an MV-22B Osprey evacuated a U.S. special operator
from inside Libya.
Before Wasp pulled into Souda Bay, Crete, for some
scheduled maintenance vital to its future transfer to
the Pacific and embarkation of F-35Bs, San Antonio left
the Arabian Sea and took aboard Wasp’s AH-1Ws to
continue the strikes.
Organic to the 22nd MEU was a detachment of
RQ-21A Blackjack unmanned aerial vehicles (UAVs), on
their first deployment with an MEU, providing intel-
ligence, surveillance and reconnaissance over land
for the ARG/MEU. Simmons termed the Blackjack “an
“It was really good to have a UAV that I was able to
task rather than ask for use,” Simmons said. “It was
not a burden on the LHD, it [had] sufficient bandwidth.
It was a burden on the LPD — the burden was quite
strong — [and] had a greater impact on the LPD, but
not so much that it wasn’t able to operate.”
Later in the deployment, one of the ARG’s ships
came under fire. Coastal defense cruise missiles were
fired at the former Navy high-speed vessel Swift, the
afloat forward staging base USS Ponce and twice at San
Antonio in the Bab-al-Mandeb (BAM) Strait. Swift was
badly damaged, but the other ships were not hit and
successfully defended by DDGs.
“The missile attacks in the BAM really drove the
decision to put the Wasp down in there with its signifi-
cant combat power,” Simmons said. “The Libya mission
wasn’t complete and, so, San Antonio came up [and] we
executed a cross-deck of aviation attachments. It took
four days at sea while we remained in contact, we con-
tinued to fly every day, conduct strikes. Then we were
able to move the Wasp down to the Red Sea.”
The ARG/MEU now fell under operational control of
CENTCOM, Simmons said.
“The distributed operations concept, though, continued to play out. The AFRICOM commander decided
that he wanted to retain command and control as it
was and we were given OPCON and TACON of all the
forces operating off the coast of Libya [even] though
we were in the Red Sea. I retained launch authority for
everything, probably the first time for a tactical command, a COCOM’s fight occurring from a space not in
that COCOM but in other COCOMs,” he said.
“I think if there were time to relitigate the command relationship it would’ve happened then. Gen.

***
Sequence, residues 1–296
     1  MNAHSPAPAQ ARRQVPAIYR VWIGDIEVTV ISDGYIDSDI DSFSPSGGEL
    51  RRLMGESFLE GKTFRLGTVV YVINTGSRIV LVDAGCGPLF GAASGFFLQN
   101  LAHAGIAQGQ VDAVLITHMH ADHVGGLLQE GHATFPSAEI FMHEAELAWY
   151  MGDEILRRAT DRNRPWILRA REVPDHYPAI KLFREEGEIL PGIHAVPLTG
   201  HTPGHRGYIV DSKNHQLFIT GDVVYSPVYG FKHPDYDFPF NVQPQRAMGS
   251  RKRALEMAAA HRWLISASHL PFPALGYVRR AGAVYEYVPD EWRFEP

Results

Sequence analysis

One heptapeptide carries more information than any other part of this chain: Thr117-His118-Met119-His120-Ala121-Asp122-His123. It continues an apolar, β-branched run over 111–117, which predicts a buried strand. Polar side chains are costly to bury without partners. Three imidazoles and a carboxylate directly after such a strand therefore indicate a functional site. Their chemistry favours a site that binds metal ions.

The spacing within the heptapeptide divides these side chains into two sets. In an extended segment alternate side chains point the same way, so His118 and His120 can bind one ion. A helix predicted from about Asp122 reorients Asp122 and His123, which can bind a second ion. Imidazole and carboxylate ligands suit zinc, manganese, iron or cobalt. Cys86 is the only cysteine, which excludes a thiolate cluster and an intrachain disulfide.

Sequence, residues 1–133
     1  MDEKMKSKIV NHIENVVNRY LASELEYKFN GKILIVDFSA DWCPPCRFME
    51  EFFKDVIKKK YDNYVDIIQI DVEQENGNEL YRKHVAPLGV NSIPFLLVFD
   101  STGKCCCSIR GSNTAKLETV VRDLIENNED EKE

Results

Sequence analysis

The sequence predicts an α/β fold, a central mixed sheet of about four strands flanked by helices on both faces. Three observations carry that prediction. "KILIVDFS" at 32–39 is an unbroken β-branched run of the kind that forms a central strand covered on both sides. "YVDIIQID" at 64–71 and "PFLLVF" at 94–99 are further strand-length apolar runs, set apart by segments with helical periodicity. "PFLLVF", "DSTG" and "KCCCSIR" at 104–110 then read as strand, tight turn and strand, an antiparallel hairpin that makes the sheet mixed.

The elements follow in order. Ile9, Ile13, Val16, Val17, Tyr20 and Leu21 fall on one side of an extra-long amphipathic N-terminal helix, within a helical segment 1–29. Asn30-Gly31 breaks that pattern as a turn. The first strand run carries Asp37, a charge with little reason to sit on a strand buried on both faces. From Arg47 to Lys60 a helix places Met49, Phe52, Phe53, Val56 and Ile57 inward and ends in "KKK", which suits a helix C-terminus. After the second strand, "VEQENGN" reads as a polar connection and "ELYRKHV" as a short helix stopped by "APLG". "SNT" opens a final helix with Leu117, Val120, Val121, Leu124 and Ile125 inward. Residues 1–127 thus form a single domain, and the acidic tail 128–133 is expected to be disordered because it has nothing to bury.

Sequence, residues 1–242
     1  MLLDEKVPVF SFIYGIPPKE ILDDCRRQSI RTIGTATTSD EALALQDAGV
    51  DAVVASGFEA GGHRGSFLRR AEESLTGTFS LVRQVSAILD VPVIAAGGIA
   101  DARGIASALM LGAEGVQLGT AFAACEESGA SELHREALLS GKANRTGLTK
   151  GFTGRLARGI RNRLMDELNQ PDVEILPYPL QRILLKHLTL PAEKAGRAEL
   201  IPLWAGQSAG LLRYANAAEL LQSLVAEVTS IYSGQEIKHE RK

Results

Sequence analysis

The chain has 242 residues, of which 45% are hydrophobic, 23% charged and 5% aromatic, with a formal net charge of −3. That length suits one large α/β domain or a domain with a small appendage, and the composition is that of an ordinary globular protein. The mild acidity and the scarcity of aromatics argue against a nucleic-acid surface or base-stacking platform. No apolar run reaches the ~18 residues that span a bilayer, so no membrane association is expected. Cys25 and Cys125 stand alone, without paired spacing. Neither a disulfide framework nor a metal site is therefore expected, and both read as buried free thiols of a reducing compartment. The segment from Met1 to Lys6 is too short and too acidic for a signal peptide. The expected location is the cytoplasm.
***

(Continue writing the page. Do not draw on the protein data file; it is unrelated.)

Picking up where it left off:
[Thomas] Waldhauser [commander, AFRICOM]
could’ve said ‘this isn’t working, we need to make an
adjustment,’ or ‘I don’t think you guys have the band-
width either emotionally, physically or in actuality and
electronically to do it.’ But he was convinced that that
was the right answer and, so, we rewrote again what
OPCON and TACON mean across COCOM boundaries
because, now, we were running the fight in a place
that we weren’t,” Simmons said, adding that today’s
command and control technology made retaining com-
mand across COCOMs possible.
“It’s really not any different than if you’re sitting in
the Gulf of Sidra or in the Red Sea or if you’re all in three
ships off the coast of North Carolina; it feels exactly the
same. The electronics are there. The UAV feeds are there.
All the stuff is there to continue the same situational
awareness that we would’ve had regardless,” he said.
Simmons also said that with operational control
he was authorized to shift weapons stocks — such as
Hellfire missiles — from the Red Sea to the Gulf of
Sidra “without having to ask anyone. … That just really
proved that, for this problem set against this enemy,
it’s a good way to operate.”
Ogden noted that “if we’re fighting a higher-end
enemy or a peer competitor, this model does not work.
But the ARG/MEU as it is designed for the threats was
proven very capable and effective.”
Simmons said of the distributed operations model
“we found [it] worked, but it does not work in all con-
texts. If we could have an ARG/MEU in the Med and
an ARG/MEU in the Red Sea, that is probably the right
answer. But in a world without 54 amphibs we’re not
going to get there. In the world that we live in, against
this enemy, with the authorities to attack them, this is
a pretty effective way to do business.
“We don’t have the authorities to attack a transna-
tional threat and we are probably best staying aggregated
in weight because we can maneuver pretty quickly from
the Red Sea to the Med and back and forth. We probably
ought to stay massed and maneuver as needed,” he said.
An AH- 1 Super Cobra helicopter from the 22nd Marine Expeditionary
Unit (MEU) takes off from the amphibious transport dock ship USS San
Antonio Oct. 23. The 22nd MEU, embarked on San Antonio, conducted
air strikes as part of Operation Odyssey Lightning.